9/11 Was Inspired By 'Star Wars,' Margaret Atwood Says

Margaret Atwood Thinks "Star Wars" Inspired 9/11
Canadian author Margaret Atwood attends the Peace prize of the german Book Trade pressconference during the Franfurter Book fair 2017 (Frankfurter Buchmesse) on October 14, 2017 in Frankfurt am Main, Germany. Hannelore Foerster/Getty Images)

Handmaid's Tale author Margaret Atwood doesn't hold back on controversial theories. She sparked backlash when she suggested the #MeToo movement was spiraling out of control, and she did it again when she proposed sci-fi flick Star Wars served as the inspiration behind the deadly 9/11 terrorist attacks, which killed nearly 3,000 people.

Atwood made the shocking claim during an interview with Variety, published Tuesday. The 78-year-old Canadian author, who is being recognized as one of Variety's Power of Women honorees, made the startling correlation while talking about the strong influence pop culture has on actual life.

Margaret Atwood Thinks
Canadian author Margaret Atwood attends the Peace prize of the german Book Trade pressconference during the Franfurter Book fair 2017 (Frankfurter Buchmesse) on October 14, 2017 in Frankfurt am Main, Germany. Hannelore Foerster/Getty Images)

Recalling a 2000 opera of her 1985 novel, which was also turned into a Hulu-series in April 2017, Atwood said the opening scene of production began with a "film reel going across the top of the stage and showing various things blowing up," like the Twin Towers. After airplanes crashed into the iconic buildings on September 11, 2001, Atwood said the reel was changed because the towers were "no longer in the future" of the dystopian tale. However, she assured it wasn't the opera scene that gave Al-Qaeda the idea. "They got the idea from Star Wars," she said.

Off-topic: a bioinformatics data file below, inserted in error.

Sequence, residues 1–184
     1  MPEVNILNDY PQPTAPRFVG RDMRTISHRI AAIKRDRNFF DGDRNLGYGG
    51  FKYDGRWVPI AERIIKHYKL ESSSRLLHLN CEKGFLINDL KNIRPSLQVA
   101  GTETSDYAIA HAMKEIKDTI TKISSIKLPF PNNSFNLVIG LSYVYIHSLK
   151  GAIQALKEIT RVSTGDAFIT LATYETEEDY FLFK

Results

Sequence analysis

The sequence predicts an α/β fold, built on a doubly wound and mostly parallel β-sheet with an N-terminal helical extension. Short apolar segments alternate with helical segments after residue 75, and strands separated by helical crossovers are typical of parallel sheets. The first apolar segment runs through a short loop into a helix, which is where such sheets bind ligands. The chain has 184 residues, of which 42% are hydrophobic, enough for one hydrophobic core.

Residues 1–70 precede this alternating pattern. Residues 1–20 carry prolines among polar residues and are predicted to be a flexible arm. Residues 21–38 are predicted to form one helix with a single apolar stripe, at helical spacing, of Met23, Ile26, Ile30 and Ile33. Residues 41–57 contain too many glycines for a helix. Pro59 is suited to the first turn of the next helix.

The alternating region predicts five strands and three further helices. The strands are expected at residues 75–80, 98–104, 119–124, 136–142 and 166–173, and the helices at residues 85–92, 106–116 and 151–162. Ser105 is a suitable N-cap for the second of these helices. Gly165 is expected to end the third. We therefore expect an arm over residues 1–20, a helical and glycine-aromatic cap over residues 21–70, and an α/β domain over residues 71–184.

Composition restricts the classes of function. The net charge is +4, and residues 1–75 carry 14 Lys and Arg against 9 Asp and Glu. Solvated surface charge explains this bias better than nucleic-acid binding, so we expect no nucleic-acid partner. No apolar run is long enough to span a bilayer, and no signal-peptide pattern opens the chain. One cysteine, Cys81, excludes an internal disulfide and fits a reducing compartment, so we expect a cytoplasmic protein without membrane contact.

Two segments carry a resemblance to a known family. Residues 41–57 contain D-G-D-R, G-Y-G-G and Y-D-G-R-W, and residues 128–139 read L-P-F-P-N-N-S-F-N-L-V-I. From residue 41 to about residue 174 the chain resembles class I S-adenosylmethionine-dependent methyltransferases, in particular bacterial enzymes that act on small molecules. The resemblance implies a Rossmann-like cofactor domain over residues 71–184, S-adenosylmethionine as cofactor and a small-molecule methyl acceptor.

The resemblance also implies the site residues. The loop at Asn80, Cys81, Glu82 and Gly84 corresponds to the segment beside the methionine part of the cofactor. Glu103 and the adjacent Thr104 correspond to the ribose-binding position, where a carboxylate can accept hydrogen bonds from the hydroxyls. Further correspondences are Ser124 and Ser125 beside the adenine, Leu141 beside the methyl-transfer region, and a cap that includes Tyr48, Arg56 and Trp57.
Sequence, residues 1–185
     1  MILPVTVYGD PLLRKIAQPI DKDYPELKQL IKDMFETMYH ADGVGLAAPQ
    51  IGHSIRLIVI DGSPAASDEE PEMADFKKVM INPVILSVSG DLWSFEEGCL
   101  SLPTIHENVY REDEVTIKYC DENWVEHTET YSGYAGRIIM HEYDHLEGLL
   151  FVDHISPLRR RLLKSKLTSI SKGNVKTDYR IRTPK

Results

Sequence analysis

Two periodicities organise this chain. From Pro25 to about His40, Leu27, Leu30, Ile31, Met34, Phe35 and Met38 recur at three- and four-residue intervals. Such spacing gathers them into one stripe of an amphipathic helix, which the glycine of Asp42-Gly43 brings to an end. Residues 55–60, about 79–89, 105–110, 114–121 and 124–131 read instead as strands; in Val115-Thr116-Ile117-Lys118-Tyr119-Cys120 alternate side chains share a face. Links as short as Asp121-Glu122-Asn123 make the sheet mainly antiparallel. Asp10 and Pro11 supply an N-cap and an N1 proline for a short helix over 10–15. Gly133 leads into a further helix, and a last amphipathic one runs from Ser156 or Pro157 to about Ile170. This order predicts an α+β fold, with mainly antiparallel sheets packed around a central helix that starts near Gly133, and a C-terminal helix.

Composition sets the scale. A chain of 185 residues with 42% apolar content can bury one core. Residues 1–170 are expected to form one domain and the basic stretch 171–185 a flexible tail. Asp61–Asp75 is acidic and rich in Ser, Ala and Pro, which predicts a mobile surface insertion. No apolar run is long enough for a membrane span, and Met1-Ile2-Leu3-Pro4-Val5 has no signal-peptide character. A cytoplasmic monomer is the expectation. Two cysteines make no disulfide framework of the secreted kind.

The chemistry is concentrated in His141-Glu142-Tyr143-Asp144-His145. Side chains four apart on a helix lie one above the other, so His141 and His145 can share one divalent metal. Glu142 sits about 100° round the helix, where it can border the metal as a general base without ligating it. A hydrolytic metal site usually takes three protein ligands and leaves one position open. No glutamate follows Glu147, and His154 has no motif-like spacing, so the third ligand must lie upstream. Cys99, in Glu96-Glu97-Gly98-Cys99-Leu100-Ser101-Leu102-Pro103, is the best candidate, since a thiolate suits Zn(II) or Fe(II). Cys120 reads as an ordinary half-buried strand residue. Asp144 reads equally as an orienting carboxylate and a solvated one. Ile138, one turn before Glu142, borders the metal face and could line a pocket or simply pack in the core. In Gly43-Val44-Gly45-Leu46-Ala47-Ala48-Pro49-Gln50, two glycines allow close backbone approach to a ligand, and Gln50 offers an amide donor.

"Remember the first one? Two guys fly a plane in the middle of something and blow that up? The only difference is, in Star Wars, they get away," she continued. "Right after 9/11, they hired a bunch of Hollywood screenwriters to tell them how the story might go next. Sci-fi writers are very good at this stuff, anticipating future events. They don't all come true, but there are interesting 'what if' scenarios."

The scene Atwood is likely referencing appears in the first Star Wars, released in 1997. In the movie's climatic scene, Luke Skywalker brings down Darth Vader's Death Star weapon by firing rounds of torpedoes at it, causing the Death Star to blow up the battle station.

9/11 Was Inspired By 'Star Wars,' Margaret Atwood Says | Culture